to the Department of Justice for collection pursuant to
Section 504(a) of the Act.17 Payment of the forfeiture must
be made by check or similar instrument, payable to the order
of the Federal Communications Commission. The payment must
include the NAL/Acct. No. and FRN No. referenced above.
Payment by check or money order may be mailed to Forfeiture
Collection Section, Finance Branch, Federal Communications
Commission, P.O. Box 73482, Chicago, Illinois 60673-7482.
Payment by overnight mail may be sent to Bank One/LB 73482,
525 West Monroe, 8th Floor Mailroom, Chicago, IL 60661.
Payment by wire transfer may be made to ABA Number
071000013, receiving bank Bank One, and account number
1165259. Requests for full payment under an installment
plan should be sent to: Chief, Revenue and Receivables
Operations Group, 445 12th Street, S.W., Washington, D.C.
10. IT IS FURTHER ORDERED that a copy of this Order
shall be sent by First Class and Certified Mail Return
Receipt Requested to Jack Dyste, Senior Vice President
Technical Service, Northland Communications Corporation, 101
Stewart Street, Suite 700, Seattle, Washington 98101.
George R. Dillon
Assistant Chief, Enforcement
147 C.F.R. §§ 76.605(a)(12) and 76.611(a)(1).
2Northland Cable Properties VII, LP, NAL/Acct. No.
200332480026 (Enf. Bur., Atlanta Office, released June 10,
3See Letter from Jack Dyste, Senior Vice President
Technical Service, Northland Communications Corporation to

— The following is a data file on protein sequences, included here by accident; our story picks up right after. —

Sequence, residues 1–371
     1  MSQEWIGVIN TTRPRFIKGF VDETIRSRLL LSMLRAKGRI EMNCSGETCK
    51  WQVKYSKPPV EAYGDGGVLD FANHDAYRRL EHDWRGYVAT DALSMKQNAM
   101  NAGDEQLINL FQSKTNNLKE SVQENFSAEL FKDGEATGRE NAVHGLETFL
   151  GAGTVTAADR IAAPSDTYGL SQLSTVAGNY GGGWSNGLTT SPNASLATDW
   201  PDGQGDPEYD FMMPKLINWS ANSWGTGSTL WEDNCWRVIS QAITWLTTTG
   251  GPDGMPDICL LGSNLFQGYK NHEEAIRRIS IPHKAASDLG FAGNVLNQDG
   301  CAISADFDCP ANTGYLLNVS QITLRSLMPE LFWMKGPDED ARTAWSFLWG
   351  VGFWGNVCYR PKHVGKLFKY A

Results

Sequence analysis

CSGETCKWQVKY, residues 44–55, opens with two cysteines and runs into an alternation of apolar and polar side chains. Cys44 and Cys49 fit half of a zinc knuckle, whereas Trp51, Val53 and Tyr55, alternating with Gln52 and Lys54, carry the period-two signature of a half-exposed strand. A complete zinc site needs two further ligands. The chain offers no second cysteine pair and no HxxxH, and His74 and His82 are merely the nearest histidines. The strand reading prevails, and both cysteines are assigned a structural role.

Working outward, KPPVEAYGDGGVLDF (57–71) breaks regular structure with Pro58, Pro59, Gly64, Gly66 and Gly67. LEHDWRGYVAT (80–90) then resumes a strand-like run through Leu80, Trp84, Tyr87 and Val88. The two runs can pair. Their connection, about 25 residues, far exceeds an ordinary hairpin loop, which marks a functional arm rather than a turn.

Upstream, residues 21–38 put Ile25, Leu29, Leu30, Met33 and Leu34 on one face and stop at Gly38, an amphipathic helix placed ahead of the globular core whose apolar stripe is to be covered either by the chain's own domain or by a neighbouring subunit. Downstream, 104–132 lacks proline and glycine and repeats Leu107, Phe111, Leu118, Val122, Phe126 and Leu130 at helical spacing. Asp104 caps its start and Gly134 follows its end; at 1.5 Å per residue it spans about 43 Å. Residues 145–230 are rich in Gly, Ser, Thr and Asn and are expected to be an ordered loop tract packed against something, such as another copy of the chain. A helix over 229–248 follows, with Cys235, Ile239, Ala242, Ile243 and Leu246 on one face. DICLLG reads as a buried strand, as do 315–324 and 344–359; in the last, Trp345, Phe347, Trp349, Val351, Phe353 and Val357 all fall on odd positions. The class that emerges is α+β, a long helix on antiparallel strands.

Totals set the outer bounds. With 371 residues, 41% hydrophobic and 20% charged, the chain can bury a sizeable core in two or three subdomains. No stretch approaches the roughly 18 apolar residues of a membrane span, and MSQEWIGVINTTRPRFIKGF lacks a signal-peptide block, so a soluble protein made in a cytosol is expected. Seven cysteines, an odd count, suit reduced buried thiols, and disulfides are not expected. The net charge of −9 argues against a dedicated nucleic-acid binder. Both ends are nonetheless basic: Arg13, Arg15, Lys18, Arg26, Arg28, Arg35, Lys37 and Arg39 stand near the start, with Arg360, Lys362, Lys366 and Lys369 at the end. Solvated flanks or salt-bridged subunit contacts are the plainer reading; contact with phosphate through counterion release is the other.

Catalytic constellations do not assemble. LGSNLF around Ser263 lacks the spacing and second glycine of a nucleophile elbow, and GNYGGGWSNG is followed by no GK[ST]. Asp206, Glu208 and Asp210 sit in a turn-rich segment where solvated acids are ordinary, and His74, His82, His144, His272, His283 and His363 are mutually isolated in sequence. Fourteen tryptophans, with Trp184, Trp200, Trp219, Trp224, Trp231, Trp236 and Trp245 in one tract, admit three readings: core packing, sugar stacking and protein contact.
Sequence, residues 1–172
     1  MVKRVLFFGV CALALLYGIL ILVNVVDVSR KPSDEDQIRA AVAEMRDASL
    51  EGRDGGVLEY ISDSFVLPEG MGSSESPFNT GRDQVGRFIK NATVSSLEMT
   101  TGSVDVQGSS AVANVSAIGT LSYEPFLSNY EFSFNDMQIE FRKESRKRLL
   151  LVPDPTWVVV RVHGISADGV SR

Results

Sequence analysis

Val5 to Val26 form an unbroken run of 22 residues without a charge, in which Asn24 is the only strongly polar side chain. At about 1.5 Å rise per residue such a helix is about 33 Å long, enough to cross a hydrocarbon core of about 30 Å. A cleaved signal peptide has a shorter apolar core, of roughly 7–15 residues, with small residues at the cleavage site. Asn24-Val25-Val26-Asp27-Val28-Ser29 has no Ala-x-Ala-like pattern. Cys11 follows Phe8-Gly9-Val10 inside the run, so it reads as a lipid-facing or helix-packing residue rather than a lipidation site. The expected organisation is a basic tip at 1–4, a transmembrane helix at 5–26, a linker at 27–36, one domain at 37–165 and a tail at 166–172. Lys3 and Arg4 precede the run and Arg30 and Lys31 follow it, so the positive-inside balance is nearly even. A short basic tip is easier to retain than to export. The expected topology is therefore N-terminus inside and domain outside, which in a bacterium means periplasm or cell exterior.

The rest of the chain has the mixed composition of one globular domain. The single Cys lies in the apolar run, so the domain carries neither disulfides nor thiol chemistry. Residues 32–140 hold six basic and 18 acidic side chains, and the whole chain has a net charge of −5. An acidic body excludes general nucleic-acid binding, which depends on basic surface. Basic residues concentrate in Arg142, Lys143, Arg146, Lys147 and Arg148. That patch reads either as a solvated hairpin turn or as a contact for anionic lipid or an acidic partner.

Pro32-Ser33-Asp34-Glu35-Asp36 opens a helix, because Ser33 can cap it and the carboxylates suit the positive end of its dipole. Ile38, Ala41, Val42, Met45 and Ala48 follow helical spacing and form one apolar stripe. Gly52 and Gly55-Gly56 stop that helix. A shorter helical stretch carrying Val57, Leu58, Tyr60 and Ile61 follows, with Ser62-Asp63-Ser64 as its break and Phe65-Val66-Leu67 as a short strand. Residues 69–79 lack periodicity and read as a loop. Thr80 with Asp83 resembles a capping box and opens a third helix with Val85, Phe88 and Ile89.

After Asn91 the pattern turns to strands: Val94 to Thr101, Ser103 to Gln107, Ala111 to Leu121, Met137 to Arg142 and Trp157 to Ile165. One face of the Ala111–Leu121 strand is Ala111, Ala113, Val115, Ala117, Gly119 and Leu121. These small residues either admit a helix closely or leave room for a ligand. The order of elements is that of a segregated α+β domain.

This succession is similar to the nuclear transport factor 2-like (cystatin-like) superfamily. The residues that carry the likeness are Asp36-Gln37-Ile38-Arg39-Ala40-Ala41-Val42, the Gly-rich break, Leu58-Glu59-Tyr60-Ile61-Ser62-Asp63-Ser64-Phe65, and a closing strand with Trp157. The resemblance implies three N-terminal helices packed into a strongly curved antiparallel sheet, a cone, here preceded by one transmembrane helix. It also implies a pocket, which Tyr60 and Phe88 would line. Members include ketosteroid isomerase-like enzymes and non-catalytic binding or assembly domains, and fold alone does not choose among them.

Office of Secretary, Federal Communications Commission
(dated July 2, 2003) (``Response'').
447 U.S.C. § 503(b).
547 C.F.R. § 1.80.
612 FCC Rcd 17087 (1997), recon. denied, 15 FCC Rcd 303
(1999) (``Forfeiture Policy Statement'').
747 U.S.C. § 503(b)(2)(D).
8Response at 1, Exhibit A.
9See Callais Cablevision, Inc., 16 FCC Rcd 1359, 1359 ¶ 2
10See Response at 2; see also Letters from Jack Dyste,
Senior Vice President Technical Service, Northland
Communications Corporation to Fred L. Boce, District
Director, Federal Communications Commission (dated March 27
and 10, 2003) (acknowledging the cable signal leakages
detected by the Atlanta Office, and reporting on
Northland's subsequent repairs).
11Response at 2.
12See, e.g., Southern California Broadcasting Co., 6 FCC
Rcd 4387, 4388 ¶ 5 (1991), recon. denied, 7 FCC Rcd 3454,
3455 ¶ 7 (1992); MAPA Broadcasting, L.L.C., 17 FCC Rcd
10519, 10521 ¶¶ 8, 11 (Enf. Bur. 2002); SBC Communications,
Inc., 16 FCC Rcd 10963, 10969 ¶ 16 (Enf. Bur. 2001);
California Oregon Broadcasters, 16 FCC Rcd 9281, 9281 ¶ 3
(CSB 2001); Hart Telephone Co., 9 FCC Rcd 2501, 2501 ¶ 5
13See, e.g., AT&T Wireless Services, Inc., 17 FCC Rcd 7891
(2002), forfeiture ordered, 17 FCC Rcd 21866, 21875-76 ¶¶
26-28 (2002); Seawest Yacht Brokers, 9 FCC Rcd 6099, 6099
¶7 (1994); TCI Cablevision of Maryland, Inc., 7 FCC Rcd
6013, 6014 ¶ 8 (1992); Calvary Communications, 18 FCC Rcd
18172, 18174 ¶ 10 (Enf. Bur. 2003).
14See notes 12-13 and accompanying text, supra.
15Small Town Communications Partners I LP, 19 FCC Rcd
11034, 11035 ¶ 7 (Enf. Bur. 2004).
1647 C.F.R. §§ 0.111, 0.311, 1.80(f)(4).
1747 U.S.C. § 504(a).
18See 47 C.F.R. § 1.1914.